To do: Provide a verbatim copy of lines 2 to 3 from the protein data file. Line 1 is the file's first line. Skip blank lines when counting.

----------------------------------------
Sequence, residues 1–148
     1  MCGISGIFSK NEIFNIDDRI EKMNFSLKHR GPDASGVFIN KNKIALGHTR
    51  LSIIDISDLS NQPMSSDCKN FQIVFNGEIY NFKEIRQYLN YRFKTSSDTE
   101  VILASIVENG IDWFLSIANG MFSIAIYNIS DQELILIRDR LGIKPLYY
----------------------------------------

     1  MCGISGIFSK NEIFNIDDRI EKMNFSLKHR GPDASGVFIN KNKIALGHTR
    51  LSIIDISDLS NQPMSSDCKN FQIVFNGEIY NFKEIRQYLN YRFKTSSDTE